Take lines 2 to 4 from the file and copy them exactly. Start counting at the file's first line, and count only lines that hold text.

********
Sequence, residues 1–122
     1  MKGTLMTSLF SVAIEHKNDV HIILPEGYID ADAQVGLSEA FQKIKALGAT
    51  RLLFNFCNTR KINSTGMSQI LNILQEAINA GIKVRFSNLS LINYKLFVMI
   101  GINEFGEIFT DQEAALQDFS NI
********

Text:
     1  MKGTLMTSLF SVAIEHKNDV HIILPEGYID ADAQVGLSEA FQKIKALGAT
    51  RLLFNFCNTR KINSTGMSQI LNILQEAINA GIKVRFSNLS LINYKLFVMI
   101  GINEFGEIFT DQEAALQDFS NI